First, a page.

Blepharitis is an inflammation and mattering of the eyelashes. This is usually a persistent, recurring problem for a child and starts early in childhood and may last throughout the child's life. Often, there is a secondary infection of the eye and a loss of eyelashes.
Blepharitis may be caused by an infection with bacteria, an abnormal production and secretion of the sebaceous glands (oil-producing glands), or it may be associated with seborrhea. Seborrheic dermatitis is an inflammation of the top layers of skin, characterized by red, itchy skin that sheds scales.
The following are the most common symptoms of blepharitis. However, each child may experience symptoms differently. Symptoms may include:
- redness and scaling of the edges of the eyelids
- burning of the eyes
- your child rubbing his/her eyes
- general discomfort of the eyes
- seborrheic dermatitis on your child's head or face
- eye drainage
Blepharitis is usually diagnosed based on a complete medical history and a physical examination of your child. Additional tests are not usually required to confirm the diagnosis.
Specific treatment for blepharitis will be determined by your child's physician based on:
- your child's age, overall health, and medical history
- the extent of the condition
- your child's tolerance for specific medications, procedures, or therapies
- expectations for the course of the condition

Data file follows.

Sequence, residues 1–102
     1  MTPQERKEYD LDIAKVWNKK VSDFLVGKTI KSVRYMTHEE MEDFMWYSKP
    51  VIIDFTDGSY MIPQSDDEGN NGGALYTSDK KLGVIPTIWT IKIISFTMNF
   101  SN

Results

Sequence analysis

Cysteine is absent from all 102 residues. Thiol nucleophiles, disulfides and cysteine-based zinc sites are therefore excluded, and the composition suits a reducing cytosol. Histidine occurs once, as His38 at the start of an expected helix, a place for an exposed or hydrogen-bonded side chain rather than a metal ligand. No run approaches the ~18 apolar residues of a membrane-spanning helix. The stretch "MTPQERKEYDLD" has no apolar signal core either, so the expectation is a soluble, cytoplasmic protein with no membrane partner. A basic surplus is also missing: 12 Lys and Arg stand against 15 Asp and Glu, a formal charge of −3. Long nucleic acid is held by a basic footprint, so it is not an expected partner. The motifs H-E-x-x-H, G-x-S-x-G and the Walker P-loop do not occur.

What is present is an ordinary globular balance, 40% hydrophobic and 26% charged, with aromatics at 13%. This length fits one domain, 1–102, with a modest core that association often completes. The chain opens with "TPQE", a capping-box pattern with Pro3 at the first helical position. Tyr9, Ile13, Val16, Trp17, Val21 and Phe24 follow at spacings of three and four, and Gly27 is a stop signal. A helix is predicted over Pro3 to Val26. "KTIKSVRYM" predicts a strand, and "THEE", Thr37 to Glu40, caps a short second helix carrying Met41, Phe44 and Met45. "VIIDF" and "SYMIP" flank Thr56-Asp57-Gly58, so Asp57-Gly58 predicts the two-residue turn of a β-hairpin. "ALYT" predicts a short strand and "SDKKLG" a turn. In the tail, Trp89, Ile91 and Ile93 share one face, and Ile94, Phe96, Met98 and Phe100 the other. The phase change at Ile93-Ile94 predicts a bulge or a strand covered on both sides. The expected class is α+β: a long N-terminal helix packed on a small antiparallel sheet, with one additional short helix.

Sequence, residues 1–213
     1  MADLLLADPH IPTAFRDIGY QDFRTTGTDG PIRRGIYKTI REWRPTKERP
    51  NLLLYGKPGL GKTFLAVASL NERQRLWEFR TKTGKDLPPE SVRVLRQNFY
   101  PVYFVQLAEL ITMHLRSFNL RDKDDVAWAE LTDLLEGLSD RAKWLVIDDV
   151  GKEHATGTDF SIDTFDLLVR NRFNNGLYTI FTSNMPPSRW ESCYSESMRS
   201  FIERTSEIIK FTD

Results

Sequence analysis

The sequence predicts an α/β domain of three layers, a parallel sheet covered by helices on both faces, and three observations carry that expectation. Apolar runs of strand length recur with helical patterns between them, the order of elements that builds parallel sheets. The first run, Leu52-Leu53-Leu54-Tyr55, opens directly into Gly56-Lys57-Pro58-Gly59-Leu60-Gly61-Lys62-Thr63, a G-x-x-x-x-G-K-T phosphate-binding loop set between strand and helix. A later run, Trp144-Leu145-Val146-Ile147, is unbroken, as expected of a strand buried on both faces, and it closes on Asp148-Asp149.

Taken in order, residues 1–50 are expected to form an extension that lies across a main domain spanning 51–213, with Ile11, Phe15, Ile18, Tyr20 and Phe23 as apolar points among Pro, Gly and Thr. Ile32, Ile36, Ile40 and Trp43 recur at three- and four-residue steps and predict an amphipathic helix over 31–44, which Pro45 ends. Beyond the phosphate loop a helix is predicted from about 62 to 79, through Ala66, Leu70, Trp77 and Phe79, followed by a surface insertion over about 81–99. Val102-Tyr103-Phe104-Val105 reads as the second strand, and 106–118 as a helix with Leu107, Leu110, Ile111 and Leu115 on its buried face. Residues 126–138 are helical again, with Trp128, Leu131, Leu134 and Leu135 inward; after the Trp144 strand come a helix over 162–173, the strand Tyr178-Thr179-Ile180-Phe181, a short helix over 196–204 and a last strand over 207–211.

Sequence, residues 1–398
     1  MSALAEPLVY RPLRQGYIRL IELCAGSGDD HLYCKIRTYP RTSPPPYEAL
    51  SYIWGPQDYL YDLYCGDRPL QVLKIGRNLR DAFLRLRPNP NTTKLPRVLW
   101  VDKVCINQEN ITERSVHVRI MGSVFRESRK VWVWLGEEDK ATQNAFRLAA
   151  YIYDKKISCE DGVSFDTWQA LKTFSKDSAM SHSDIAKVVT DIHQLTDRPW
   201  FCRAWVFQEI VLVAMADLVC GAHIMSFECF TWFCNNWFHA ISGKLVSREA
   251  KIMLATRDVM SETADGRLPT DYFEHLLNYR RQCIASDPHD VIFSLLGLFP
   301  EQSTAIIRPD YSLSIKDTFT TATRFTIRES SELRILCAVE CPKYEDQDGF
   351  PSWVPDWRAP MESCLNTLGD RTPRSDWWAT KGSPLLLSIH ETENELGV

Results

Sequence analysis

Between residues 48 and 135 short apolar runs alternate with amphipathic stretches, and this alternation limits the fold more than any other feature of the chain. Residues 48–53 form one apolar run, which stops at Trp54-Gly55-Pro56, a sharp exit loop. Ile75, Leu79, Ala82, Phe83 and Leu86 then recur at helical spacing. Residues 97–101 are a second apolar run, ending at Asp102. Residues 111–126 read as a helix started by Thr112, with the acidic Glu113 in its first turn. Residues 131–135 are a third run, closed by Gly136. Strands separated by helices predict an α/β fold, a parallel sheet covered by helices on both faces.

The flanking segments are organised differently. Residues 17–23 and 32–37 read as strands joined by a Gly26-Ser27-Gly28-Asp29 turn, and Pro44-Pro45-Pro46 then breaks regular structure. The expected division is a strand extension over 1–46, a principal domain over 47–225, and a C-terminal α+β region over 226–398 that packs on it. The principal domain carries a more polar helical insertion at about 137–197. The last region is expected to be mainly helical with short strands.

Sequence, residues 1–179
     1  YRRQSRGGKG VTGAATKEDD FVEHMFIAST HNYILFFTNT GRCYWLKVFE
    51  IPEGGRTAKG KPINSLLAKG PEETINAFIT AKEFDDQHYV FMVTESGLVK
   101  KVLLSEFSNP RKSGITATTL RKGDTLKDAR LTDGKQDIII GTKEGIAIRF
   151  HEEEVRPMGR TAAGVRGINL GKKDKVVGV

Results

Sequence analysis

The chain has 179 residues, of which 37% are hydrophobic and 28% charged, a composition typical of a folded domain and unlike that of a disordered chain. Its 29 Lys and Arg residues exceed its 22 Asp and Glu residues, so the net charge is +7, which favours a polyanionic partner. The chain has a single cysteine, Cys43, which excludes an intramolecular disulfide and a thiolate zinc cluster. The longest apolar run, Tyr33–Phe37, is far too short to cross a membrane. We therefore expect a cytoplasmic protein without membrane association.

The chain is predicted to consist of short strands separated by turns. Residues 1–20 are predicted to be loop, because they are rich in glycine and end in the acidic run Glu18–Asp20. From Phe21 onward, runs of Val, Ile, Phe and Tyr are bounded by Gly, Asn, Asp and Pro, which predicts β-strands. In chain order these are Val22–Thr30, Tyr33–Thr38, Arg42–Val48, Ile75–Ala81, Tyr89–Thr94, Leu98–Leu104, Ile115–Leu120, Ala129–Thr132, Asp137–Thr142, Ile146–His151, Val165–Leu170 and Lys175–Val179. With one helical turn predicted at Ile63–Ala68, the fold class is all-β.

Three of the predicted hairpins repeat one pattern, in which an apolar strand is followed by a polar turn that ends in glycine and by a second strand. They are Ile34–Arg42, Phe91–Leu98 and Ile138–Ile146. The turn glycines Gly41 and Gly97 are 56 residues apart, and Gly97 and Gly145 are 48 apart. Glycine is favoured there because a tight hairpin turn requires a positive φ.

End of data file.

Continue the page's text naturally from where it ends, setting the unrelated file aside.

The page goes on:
- your opinion or preference
Treatment may include:
- applying warm, wet, compresses to your child's eyes for a period of approximately 15 minutes several times throughout the day
- instructing your child not to rub his/her eyes
- having your child wash his/her hands frequently
- antibiotic ointments for the eyes - antibiotic ointment does not make the blepharitis clear faster, but it may help to stop the spread of the infection to other parts of the eyes, or treat a secondary infection.
- washing your child's face daily, including the eyes - this is done with a wet washcloth and a gentle baby shampoo. Rub your child's eyelids gently to help remove the crust.
If your child also has seborrheic dermatitis, along with blepharitis, treatment recommendations may include:
- rubbing mineral oil on the head of infants with a soft toothbrush, followed by a gentle shampooing
- special, antifungal shampoo, as prescribed by your child's physician
- corticosteroid cream or lotion
Severe cases of blepharitis may need to be managed by an ophthalmologist (eye care specialist).
It is important to know that the goal of the treatment is to decrease the severity of the symptoms.
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